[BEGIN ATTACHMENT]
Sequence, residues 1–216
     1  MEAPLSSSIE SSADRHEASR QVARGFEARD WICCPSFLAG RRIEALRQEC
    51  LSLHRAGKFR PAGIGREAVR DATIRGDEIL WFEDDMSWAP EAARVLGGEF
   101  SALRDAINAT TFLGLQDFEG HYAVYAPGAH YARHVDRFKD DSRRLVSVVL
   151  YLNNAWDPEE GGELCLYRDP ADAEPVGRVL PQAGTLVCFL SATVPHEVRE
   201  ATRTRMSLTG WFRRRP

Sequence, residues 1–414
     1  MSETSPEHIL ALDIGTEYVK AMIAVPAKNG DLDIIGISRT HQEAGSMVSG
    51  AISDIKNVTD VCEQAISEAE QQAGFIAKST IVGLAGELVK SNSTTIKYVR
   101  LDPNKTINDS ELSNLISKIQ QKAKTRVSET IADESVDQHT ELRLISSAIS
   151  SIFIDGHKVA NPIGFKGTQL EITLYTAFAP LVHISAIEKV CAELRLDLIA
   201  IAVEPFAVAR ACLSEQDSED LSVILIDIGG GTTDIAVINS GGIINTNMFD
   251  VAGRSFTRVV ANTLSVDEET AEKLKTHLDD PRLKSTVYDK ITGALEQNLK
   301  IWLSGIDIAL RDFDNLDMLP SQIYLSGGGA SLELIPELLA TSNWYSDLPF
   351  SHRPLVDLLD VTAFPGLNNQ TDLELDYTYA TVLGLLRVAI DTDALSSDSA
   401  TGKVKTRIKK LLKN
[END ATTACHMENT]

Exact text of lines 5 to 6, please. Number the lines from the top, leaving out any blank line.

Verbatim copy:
   151  YLNNAWDPEE GGELCLYRDP ADAEPVGRVL PQAGTLVCFL SATVPHEVRE
   201  ATRTRMSLTG WFRRRP